UNIVERSITY students (Australia) are taking ADHD medication to help them cope with their studies, a first-of-its-kind research paper has found.
The students are using prescription amphetamines like Ritalin to help stay awake and alert, particularly when "cramming" for exams and assessments, the report from Victoria's Deakin University says. The paper's author and senior lecturer in public health, Dr Matthew Dunn, said students were using the medication as well as caffeinated drinks and even illicit drugs to cope with increasing time pressures. "People are taking things which keep them awake so they can balance either a full-time uni or job workload with a social life," Dr Dunn said. "If you're paying thousands of dollars to study, you want to do well. For some people there may be the allure of using something a little bit stronger to get the best result."
Professor Barbara Pocock, director of the Centre of Work and Life at the University of South Australia, said over the past 20 years there had been a significant shift in the number of students supporting themselves financially while studying. Undergraduate students often had to balance their studies with up to 25 hours a week of paid work with studies showing this could place them under more pressure than many full-time workers, Prof Pocock said. "Their pressures are quite often significant and worse than a lot of workers," she said, noting that many students ran their own households.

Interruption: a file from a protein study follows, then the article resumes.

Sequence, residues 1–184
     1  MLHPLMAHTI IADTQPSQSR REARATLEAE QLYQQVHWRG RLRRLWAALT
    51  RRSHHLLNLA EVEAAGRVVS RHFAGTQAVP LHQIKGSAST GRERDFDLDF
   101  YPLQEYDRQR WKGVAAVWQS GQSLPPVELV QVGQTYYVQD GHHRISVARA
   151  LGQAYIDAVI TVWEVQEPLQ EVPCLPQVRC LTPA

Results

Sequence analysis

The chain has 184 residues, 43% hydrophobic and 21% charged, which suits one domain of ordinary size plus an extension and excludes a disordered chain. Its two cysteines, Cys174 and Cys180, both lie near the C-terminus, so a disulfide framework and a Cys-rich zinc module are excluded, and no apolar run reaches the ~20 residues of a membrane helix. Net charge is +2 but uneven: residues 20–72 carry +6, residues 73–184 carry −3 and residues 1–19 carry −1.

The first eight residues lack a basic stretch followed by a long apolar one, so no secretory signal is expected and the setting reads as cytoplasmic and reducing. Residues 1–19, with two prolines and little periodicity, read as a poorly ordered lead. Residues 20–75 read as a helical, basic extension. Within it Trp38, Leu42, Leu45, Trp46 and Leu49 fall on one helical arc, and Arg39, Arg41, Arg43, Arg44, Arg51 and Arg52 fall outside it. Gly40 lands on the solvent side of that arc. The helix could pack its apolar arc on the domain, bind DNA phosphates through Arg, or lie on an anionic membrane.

Despite this, clinical professor and adolescent psychiatrist Jon Jureindi said there was not a lot of evidence Ritalin-type drugs help students absorb information. "Students probably feel these drugs increase attention – and they decrease purposeless activity – but there's no evidence they increase learning," he said. The drugs can also have physiological and psychological side effects, even triggering anxiety and psychosis in some people. Heather*, 22, has taken an ADHD drug, dexamphetamine, to help her study since Year 10. She works fulltime and is studying a postgraduate degree in business. "What it does is let you concentrate harder and longer," she said. "I tend to get three times the work done after I take a dex." She said that it would be difficult to manage studying, working and being social without help. "I don't see it as too different from cracking open a couple of Red Bulls or drinking several coffees to pull of an all-nighter," she said. She does admit she sometimes feels quite tired after consuming the pills.
The Deakin University study of 655 students at Victoria's Deakin University reported 7.3 per cent used prescription amphetamines - a lower rate of prescription amphetamine consumption by Australian students than American students but more research was needed. Dr Dunn will present his report's findings at the Australasian Professional Society on Alcohol and Other Drugs (APSAD) conference in Melbourne on Wednesday (Nov. 21).